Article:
As a single, educated Chinese woman approaching 30, Nancy Ji felt tremendous stress from her parents to get married. So at 28, she hastily tied the knot with a boyfriend. "My parents put a lot of pressure on me. They nagged me about being single every day, and it was very annoying. My boyfriend appeared at the right time, and he had the right economic profile," Ji says. So they got hitched.
But it didn't take long for the marriage to fall apart, and three years later Ji filed for divorce. Part of the problem, she realized, was how she went about finding a partner. When she was younger, Ji's requirements for a spouse were focused on practical matters, like income, family background, height, and education. Romance wasn't part of the equation. "My parents told me to get married first, and that love can be nurtured later," says Ji.
Marriage based on economic status is normal in China. A lot of Chinese women -- and their parents -- even consider a house and car as prerequisites for potential boyfriends. But these financially driven relationships do not always end happily. A new report by the Ministry of Civil Affairs shows that the number of divorces in China jumped 8 percent last year, and, for the first time in 10 years, the increase of the divorce rate has outpaced the growth of the marriage rate. In Beijing and Shanghai, almost 40 percent of couples now divorce, a figure approaching those in Western countries. Meanwhile, people are getting married later in life. As a result, more members of China's "post-80 generation," referring to those born in the 1980s, are opting for love and attraction -- rather than practical considerations -- in finding a partner.
In China, this idea represents a break from tradition. Joy Chen, a Los Angeles-based author of the best-selling book Do Not Marry Before Age 30, says Chinese culture emphasizes honor, duty, and responsibility in relationships -- not love. These days, though, priorities have shifted.
"Suddenly, in the last 10 or 15 years, there's been an explosion in China of talking about love," Chen says, "Everyone wants true love, but people don't know how to get it."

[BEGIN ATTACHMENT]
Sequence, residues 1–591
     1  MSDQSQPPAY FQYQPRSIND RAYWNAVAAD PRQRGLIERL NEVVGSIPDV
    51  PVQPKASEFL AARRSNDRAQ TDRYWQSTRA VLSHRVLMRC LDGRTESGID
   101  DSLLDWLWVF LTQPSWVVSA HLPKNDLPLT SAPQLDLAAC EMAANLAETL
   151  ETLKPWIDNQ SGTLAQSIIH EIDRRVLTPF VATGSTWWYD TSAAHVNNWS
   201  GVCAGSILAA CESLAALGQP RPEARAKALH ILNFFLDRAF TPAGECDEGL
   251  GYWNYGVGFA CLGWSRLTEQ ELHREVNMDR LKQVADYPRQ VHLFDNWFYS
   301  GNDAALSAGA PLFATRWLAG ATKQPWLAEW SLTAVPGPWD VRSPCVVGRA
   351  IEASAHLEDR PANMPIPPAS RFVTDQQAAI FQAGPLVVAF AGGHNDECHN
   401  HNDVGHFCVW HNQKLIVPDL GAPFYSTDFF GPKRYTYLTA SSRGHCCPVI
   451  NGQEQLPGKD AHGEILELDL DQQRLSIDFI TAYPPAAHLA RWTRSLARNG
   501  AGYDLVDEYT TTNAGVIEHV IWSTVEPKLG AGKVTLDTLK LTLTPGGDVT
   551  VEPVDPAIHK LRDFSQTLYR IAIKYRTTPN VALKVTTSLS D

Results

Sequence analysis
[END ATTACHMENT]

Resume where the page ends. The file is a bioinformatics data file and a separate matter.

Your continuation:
For Wu Di, this cultural shift presented a business opportunity. A family and relationship counselor in Shanghai and the author of I Know How You Were Leftover, Wu launched a three-month "dating camp" two years ago and charged 4000 RMB (about $650) per student. Together with her partner Bob Liu, a salsa instructor, she offered dance courses, workshops and salons to teach singles how to date and fall in love. Hundreds of people signed up for the camp, Wu says, mostly Shanghai white-collar workers in their thirties who had never dated in their life.
In her weekly workshops that have attracted thousands, Wu lectures about how to negotiate with a partner, how to confront parental demand to get married, and even on subjects like sex and birth control. Salsa dancing is a big part of the training, Wu says, because dancing loosens up shy individuals and the music puts them in the mood right away.
"Chinese people don't know how to date. It's been like that for thousands of years," Wu says. "Young people have higher expectations for marriage now. They want attraction, and their parents don't know what that is."
Wu isn't the only one with that idea. Last year, Alex Edmunds, a 26-year-old Princeton graduate living in Beijing, founded Coucou8, an online dating site that hosts affordable small group events like dinner, cooking classes, hiking, and afternoon tea for singles over the age of 26. Edmunds says that at Chinese dating events, conversations focus on income, wealth and whether or not a person has a Beijing hukou, a permit that qualifies a resident for social services like education and health care. This contrasts with the Western style of dating, which Edmunds defines as an organic interaction based on mutual interests where singles get to know each other before focusing on practical matters.
"Young people have higher expectations for marriage now. They want attraction, and their parents don't know what that is."
At the inaugural Coucou8 event, Edmunds found that the Chinese men were low-key and passive, often staring at their phones rather than getting to know the women in the room. So he decided to break the ice by bringing in a host and introducing American-style drinking games. Membership has grown by 10 attendees per month since April.